Solarize Garfield County (Solarize), an initiative of Garfield Clean Energy (GCE) first reported in the Sun’s March 17 issue, has been a huge success, surpassing all expectations. The initiative sought to increase the number of residences in the county with rooftop solar power generation through incentives like below-market installation costs and an array of rebates in addition to the attraction of environmental friendliness and reducing one’s carbon footprint.
Zuleika Pevec, the clean energy program coordinator for Clean Energy Economy for the Region (CLEER; the Carbondale-based nonprofit that manages GCE and was instrumental in implementing the initiative), said, “We feel that for the first year of the [Solarize] program, it blew our expectations out of the water!” Between March 1 and June 4, more than 400 homeowners expressed interest in the program, and some 300 had an on-site feasibility evaluation by Avon-based Active Energies Solar, the firm selected to install the solar-power units.
Sign-up for the program (initial interest, evaluation and signing a contract with Active Energies) originally was intended to end on June 4. Because of the greater than anticipated interest, the deadline for inking a contract was extended by a month. By early July, 110 homeowners had committed to contracts.
The response of Garfield County residents “has been amazing!” observed Rich Clubine, vice president of Active Energies. He went on, “CLEER was hoping for 250 to 300 kilowatts [of total installed solar power], I was thinking of about 500 kilowatts or so, but we ended up with contracts for some 855 kilowatts. We blew out all [of the predictions]!” And they nearly achieved their “pie-in-the sky goal” of one megawatt. This sentiment was echoed by Carbondale trustee and GCE board member Ben Bohmfalk, “We thought the Solarize strategy could help boost solar energy development in the county, and as it turned out – it tapped into even more demand than we imagined. We’re really pleased with the results.”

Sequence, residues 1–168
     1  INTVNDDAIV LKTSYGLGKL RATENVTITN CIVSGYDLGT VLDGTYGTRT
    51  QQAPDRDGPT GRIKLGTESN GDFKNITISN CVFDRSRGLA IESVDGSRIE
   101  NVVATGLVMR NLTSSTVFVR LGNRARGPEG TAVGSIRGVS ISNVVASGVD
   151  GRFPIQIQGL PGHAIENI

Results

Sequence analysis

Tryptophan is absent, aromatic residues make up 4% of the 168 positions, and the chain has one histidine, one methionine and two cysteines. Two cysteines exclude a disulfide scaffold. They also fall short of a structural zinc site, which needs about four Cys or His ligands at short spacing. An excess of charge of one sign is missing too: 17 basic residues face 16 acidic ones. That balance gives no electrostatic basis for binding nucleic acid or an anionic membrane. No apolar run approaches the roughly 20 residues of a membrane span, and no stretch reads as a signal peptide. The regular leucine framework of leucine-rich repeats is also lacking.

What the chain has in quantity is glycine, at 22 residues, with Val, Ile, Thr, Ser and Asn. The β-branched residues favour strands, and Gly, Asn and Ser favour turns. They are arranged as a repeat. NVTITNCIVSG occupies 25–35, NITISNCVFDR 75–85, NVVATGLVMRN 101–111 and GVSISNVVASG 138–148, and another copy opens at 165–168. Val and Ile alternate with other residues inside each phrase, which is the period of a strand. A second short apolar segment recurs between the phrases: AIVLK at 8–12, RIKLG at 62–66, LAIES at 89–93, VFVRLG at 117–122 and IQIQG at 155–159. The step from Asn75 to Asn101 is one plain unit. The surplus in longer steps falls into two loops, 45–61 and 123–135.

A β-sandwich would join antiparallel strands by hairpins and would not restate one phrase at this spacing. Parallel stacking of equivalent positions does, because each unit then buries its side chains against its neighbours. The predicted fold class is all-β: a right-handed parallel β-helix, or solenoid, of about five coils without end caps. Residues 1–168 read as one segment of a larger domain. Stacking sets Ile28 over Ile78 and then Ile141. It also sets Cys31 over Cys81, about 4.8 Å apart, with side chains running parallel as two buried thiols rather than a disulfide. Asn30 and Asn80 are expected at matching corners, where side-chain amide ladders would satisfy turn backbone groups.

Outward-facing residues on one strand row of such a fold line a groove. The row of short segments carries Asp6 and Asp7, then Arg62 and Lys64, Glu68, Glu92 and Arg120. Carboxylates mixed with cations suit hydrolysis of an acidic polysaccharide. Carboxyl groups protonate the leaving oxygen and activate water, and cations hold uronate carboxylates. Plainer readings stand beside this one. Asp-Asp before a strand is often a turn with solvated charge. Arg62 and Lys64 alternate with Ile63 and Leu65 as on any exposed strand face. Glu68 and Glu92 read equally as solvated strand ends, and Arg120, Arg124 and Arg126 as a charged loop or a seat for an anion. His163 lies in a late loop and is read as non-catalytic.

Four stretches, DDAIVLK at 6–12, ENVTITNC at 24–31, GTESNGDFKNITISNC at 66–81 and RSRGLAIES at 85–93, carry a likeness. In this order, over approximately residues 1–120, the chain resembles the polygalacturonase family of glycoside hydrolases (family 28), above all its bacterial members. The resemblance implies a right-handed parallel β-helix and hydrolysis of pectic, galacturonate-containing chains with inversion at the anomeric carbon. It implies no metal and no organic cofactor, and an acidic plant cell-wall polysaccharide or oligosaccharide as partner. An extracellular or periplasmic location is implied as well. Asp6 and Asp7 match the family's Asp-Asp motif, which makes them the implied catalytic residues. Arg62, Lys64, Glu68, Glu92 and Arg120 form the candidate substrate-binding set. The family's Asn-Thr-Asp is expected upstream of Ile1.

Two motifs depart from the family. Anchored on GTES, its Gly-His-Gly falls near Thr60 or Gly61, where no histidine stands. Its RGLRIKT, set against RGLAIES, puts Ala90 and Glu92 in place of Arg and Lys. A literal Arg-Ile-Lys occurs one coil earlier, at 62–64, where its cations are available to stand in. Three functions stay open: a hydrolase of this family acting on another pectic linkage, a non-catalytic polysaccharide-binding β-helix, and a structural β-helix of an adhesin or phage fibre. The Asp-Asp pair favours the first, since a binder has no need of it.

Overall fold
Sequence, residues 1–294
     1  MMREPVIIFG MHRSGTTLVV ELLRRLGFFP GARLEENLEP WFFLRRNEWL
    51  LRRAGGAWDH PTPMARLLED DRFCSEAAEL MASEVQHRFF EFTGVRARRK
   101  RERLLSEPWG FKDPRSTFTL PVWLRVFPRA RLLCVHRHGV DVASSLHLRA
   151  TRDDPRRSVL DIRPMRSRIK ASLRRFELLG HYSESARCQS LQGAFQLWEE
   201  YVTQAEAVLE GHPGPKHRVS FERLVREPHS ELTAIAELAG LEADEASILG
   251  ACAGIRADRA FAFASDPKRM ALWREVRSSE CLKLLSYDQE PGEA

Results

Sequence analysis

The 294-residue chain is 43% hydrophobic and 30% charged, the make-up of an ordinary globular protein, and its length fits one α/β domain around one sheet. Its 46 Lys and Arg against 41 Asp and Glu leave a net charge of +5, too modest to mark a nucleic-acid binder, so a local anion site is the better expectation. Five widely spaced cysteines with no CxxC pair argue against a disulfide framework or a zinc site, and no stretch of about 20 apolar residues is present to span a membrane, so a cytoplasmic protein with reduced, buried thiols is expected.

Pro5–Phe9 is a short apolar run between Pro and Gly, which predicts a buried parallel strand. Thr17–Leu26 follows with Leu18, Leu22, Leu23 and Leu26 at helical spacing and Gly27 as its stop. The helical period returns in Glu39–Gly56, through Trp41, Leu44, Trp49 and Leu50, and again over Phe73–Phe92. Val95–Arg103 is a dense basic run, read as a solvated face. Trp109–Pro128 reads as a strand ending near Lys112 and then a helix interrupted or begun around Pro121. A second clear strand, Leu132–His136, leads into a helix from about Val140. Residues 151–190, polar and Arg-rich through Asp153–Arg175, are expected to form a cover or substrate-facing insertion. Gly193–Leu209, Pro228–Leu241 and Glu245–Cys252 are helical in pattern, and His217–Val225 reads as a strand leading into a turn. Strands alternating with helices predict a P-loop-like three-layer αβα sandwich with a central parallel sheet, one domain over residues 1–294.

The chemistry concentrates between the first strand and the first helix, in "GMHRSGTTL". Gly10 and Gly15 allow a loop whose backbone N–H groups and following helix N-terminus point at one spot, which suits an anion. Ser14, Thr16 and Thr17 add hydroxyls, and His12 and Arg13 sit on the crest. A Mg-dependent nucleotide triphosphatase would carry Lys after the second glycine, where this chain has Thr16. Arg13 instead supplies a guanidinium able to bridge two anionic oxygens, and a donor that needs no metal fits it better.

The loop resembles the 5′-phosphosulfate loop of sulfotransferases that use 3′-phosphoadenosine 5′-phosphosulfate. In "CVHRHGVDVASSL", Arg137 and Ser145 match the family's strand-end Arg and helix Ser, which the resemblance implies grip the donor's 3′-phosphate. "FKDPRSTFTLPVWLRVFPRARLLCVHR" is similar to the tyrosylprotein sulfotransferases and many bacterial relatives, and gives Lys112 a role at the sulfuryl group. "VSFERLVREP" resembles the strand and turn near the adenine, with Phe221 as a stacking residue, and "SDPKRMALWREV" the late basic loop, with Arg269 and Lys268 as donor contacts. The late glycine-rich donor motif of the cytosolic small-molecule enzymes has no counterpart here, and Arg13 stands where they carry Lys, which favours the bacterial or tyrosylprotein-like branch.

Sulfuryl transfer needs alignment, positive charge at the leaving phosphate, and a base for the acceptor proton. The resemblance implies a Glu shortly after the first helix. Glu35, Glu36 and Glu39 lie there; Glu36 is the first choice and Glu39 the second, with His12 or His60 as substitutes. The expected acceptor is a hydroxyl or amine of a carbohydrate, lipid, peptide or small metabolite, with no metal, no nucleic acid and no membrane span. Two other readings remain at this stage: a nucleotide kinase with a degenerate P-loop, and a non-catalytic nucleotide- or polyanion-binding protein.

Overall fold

Clubine said that the first installation was done at the beginning of April, about a month after the contract was signed (the typical length of time needed for the permitting process). He currently has three crews working on the installation of the solar panels themselves and two crews of electricians doing the hookups. “We are installing four to five systems per week, depending on weather and I-70 [closures].” By press time, Active Energies had completed some one-third of the installations, with a goal of finishing all by the end of October. He noted, though, “We install year-round.”
The largest group of participants in the program were Xcel Energy customers, with nearly 50 households. They were roughly matched by Holy Cross Energy and Glenwood Springs Electric customers, each with about the same number of households. In addition, CLEER’s Pevec noted that 40 participants were from Carbondale.
The 110 contracts totaled $2.8 million in all, according to a July 19 CLEER press release. Of those households, Clubine pointed out that 19 opted to also install battery backup units, amounting to 372 kilowatts of storage capacity. The press release noted that this represented $310,000 of total sales.
Holy Cross and Glenwood Springs Electric customers will each receive rebates for their installations. Although Xcel did not offer rebates, Garfield County created a rebate program that was increased from an initial 18 customers to 45; nearly all who participated received one. In addition, Active Energies provided a $375 rebate for each participant. When combined, rebates from the four sources totaled some $270,000. In addition, all of the homeowners participating in the program will be eligible for up to a 26% tax credit on their 2021 federal return.
The 2021 Solarize campaign has been the most successful one in the state to date. Asked why this might be, Clubine opined, “There is a lot of pent-up demand for solar … other companies are also booked.” Active Energies was also the installer for a similar initiative in Summit County in 2019-2020, but, as Clubine pointed out, “We did [in Garfield County] in one year what took two years [in Summit].” GCE board member and New Castle Councilor Bruce Leland noted, “This is really a shining example of what GCE does and the value it contributes to our county.”
Pevec indicated that this year’s solar campaign might not be the only initiative pursued by GCE. “We are hoping to improve the whole program – see where it could be better.”
Maisa Metcalf, CLEER’s buildings program director added, “Based on the successful results of the program, we would love to do it again next year with a special focus on battery storage and additional incentives for low to medium income households.”